One reason why a cat may not like to be picked up is simply that picking up a cat, or being picked up by a cat, is just not natural cat behavior. While mother cats will grip their kittens by the scruff of the neck when they are small enough to do so without injury, lifting up a fellow feline isn’t something you’d normally see, even when attempting to display affection. Additionally, negative experiences that occur around when a cat has been picked up in the past, like painful or stressful trips to a vet, can also leave a very bad association and may lead to anxiety around being held later on.
Sometimes, and this is especially true in older cats, being picked up is physically uncomfortable due to an illness or injury. Arthritic felines may find it unpleasant to have their bodies manipulated and squeezed while being picked up or held and may resist for that reason. If you know your cat dislikes being picked up and you don’t need to do it, it’s always best to spare them the ordeal. Sometimes, however, a cat owner will need to scoop up their cat for one reason or another, in which case there are some tips that can make things a bit easier on both of you.
How to make your cat comfortable
If you have a cat, there will be times when she will need to be picked up and held, even if just for a moment. Going to the veterinarian, a groomer’s appointment, or even just to be inspected in the event of an injury, or a random burr caught in her fur. If you need to pick up a cat who doesn’t enjoy it, there are a couple of things you can do to make things easier for everyone, and a bit more pleasant for your cat. Offering positive reinforcement, like a favorite treat, during a potentially negative experience, or during ordeals you know your cat dislikes, like being crated or having her nails trimmed, can help her create good associations with being picked up.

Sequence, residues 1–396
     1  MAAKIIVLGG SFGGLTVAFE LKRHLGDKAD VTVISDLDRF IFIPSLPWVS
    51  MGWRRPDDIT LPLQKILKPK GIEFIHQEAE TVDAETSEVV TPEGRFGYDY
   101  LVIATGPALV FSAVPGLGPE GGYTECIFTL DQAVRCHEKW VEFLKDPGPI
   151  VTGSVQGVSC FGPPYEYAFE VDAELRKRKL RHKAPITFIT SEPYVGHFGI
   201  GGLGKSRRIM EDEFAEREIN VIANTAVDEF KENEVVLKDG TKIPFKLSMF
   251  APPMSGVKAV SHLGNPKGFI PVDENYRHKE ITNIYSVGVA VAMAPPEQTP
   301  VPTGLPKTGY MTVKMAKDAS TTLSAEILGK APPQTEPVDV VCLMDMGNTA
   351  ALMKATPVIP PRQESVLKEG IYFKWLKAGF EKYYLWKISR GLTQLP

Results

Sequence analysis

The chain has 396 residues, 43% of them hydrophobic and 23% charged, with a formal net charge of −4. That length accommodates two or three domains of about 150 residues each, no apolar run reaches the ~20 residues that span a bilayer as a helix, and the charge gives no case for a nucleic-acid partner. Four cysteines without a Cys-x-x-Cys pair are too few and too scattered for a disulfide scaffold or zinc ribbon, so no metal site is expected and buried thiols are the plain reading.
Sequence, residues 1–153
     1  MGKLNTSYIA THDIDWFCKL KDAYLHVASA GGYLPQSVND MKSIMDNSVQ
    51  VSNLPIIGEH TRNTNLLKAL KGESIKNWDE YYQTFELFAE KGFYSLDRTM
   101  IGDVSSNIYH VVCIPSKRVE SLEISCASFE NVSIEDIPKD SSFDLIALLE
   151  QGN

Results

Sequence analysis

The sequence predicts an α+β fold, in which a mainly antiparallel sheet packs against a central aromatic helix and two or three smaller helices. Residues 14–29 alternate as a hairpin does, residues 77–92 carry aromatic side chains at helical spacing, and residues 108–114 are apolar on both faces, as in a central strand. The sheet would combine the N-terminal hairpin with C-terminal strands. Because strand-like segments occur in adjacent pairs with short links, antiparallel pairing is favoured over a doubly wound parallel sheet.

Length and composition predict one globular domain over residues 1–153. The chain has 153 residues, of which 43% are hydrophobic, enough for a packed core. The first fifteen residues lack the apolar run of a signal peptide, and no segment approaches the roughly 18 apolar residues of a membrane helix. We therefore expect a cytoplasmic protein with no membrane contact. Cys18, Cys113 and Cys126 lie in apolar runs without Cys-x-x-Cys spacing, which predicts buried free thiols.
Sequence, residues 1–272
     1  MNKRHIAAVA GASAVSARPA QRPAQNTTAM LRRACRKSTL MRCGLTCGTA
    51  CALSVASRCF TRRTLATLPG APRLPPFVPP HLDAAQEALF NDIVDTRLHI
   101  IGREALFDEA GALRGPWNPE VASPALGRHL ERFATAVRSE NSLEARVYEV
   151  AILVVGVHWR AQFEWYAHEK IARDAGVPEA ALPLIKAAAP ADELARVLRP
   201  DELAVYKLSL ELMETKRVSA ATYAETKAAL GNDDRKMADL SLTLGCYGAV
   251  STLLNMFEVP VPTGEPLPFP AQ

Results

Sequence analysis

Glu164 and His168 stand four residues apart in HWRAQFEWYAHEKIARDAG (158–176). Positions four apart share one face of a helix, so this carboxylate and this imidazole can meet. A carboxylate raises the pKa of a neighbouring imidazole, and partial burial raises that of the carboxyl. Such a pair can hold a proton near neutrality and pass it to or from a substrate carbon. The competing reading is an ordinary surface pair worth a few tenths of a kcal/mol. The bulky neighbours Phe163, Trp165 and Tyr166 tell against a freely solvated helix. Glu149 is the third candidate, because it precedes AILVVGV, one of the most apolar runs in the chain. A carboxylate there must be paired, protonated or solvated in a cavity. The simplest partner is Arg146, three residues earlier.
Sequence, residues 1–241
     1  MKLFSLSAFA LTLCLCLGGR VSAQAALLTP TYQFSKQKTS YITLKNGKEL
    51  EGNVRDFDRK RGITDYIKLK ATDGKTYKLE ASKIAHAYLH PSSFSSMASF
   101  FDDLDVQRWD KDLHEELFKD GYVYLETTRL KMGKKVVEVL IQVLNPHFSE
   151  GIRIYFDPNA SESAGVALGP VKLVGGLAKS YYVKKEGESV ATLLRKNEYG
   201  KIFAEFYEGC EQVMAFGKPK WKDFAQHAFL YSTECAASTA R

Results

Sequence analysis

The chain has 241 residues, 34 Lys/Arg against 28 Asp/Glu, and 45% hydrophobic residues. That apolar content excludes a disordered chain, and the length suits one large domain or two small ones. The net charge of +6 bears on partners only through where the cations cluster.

If a cat owner needs to pick up a cat who absolutely hates being picked up, they can try the burrito hold technique. This can ensure that your feline won’t squirm away, can reduce the chances of you being scratched, and will make the situation as pleasant and quick as possible for her. Start by laying out a towel and place a small plate of food or a few treats on it. Next, have your cat step onto the towel, and once she’s a bit relaxed gently press down on her shoulders so that she lays down with her head facing away from you. Wrap the front end of the towel around her neck like a bib, taking care to hold onto her. Then, take one of the side ends of the towel and wrap it over the top of her body, before doing the same thing in the opposite direction with the other end of the towel until she is securely wrapped.
Pretty selfish post for me really – I wish my cats liked being picked up and sitting with me!
They are really happy cats and adore being stroked and fussed, flopping down and inviting you to tickle them but they never jump up to sit with me and don’t really enjoy a pick up & cuddle. I pick them up for a little cuddle when I get in from work but I might get 10 seconds . if I’m lucky!! I always put them down the instant they wriggle and i never place them on my knee or anything, just keep “inviting” them up!